I do not travel well. I have a tendency to forget where I am going, or even that I am going somewhere. Crucial possessions are frequently left behind in faraway places. Once I sat at an airport gate, looking at a plane out the window. I watched it arrive, disembark, board again, taxi, take off. Only as I watched it sail through the air did I realize I was supposed to have gotten on it. Cate Root, our Current Affairs administrative maven, has taken to preparing a reference document before my trips called “Where Is Nathan Going?” and instructs me to look at it if I fail to remember the answer to that question. Sometimes I lose the document itself. Then all bets are off.
Two days before it was due to start, I suddenly remembered that I had applied for a press pass to attend the Democratic Socialists of America’s national convention in Atlanta. “I wonder if they ever granted me that credential,” I mused. They had. I swiftly booked a flight—Spirit, my favorite airline, and the only one whose last-minute tickets are under $400—and paid for an incredibly expensive room in the convention center hotel. I packed lightly and erratically—too many pairs of underwear, not enough socks or pants. I neglected to bring a phone charger. And off I went to join my comrades.
I have written before about the DSA. My position is that I like them. When I am with DSA members, I feel as if I am part of something humane and powerful and useful. Attending their meetings and protests fills me with a sense of optimism and uplift. But I had never been to their biannual convention before, and I had been warned that watching 1000 socialists try to resolve their differences might cause my impression of the organization to sour. (I do not know what the collective noun for a group of socialists is, but the one for seagulls is “a squabble” and I think it should be imported.)
The DSA convention is held once every two years, and the stakes for this one were high. In recent years, DSA has taken off, and it now has over 50,000 dues-paying members. It has gone from an almost-dormant fringe group to having two members of Congress and nearly 100 state and local officials around the country, including six members of the Chicago city council. Not large as a percentage of the total, of course, and still far short of the 1,000 socialists that once held office in the United States. But nothing to sniff at, especially if we think the socialist wave is just forming rather than cresting.
Growing so fast creates giant challenges for the organization. How the hell do you coordinate the actions of a group that recently had 10 times fewer members? There are around 200 chapters, all of which have to figure out how to advance “democratic socialism,” an idea with a hotly disputed definition. DSA is a “big tent” organization, which means you have Marxists, anarchists, and Sanders-ish left social democrats all trying to work together. There are differences of both vision and strategy on the left: Should we focus on union organizing or electoral politics? Should we have centralized organizations or decentralized ones? What positions should Democrats have to adopt to secure a socialist endorsement? If we disagree about these things, how can we work together in spite of it?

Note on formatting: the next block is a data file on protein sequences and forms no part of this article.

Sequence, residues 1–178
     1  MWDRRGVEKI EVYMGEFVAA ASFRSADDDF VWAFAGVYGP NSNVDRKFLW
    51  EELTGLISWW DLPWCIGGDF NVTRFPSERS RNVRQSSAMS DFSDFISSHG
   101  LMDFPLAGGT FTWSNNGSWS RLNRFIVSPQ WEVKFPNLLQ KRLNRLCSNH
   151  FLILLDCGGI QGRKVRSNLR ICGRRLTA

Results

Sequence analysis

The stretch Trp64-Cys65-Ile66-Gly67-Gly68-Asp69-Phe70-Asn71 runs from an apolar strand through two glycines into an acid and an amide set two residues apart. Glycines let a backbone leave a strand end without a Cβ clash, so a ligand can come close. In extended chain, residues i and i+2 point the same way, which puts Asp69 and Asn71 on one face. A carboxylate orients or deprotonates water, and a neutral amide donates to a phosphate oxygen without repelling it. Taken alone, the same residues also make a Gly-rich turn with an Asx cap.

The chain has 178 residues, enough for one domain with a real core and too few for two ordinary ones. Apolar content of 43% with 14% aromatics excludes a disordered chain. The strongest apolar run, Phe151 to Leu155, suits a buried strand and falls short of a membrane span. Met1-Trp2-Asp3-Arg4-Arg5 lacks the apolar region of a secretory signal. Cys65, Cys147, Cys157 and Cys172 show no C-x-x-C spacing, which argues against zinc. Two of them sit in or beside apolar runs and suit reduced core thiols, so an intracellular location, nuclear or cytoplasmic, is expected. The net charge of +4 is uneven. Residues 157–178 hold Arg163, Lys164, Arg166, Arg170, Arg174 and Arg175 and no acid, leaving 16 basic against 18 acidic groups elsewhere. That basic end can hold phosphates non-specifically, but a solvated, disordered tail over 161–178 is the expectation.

The DSA is at a critical moment. Conceivably, it could continue to grow, could become a more important force in U.S. politics, and could meaningfully advance the socialist agenda. But we can imagine an alternate scenario, one in which the group is torn apart by infighting and disorganization. The socialists of the early 20th century failed to find a way to unite “reformists” and “revolutionaries,” and their influence disappeared. Will our socialist movement stay marginal, or will it win? The DSA’s convention was an important test, because there is no other socialist organization of its size and influence, and if it appeared shambolic and hopeless, that wouldn’t give much hope for the movement.
The DSA convention is not a political rally, or a collection of panel discussions like the Socialism conference. It’s more like a congress. Chapters send delegates to debate and resolve questions about the organization itself: its structure, its priorities, its budget. (You might think this would be boring. You would be very wrong.) Because it’s the only time the national membership meets for two years, what happens at the DSA convention can have significant implications for the organization’s fate. I felt that the convention had global implications: If socialists don’t win, radical action on climate change is not going to be taken, and if the DSA can’t hold together, socialists won’t win. The resolutions may be about what percentage of the budget should go to local chapters versus the national, or whether there should be regional bodies as mid-level entities between locals and national, but underlying all of it is the question: Where is DSA going and will it get there?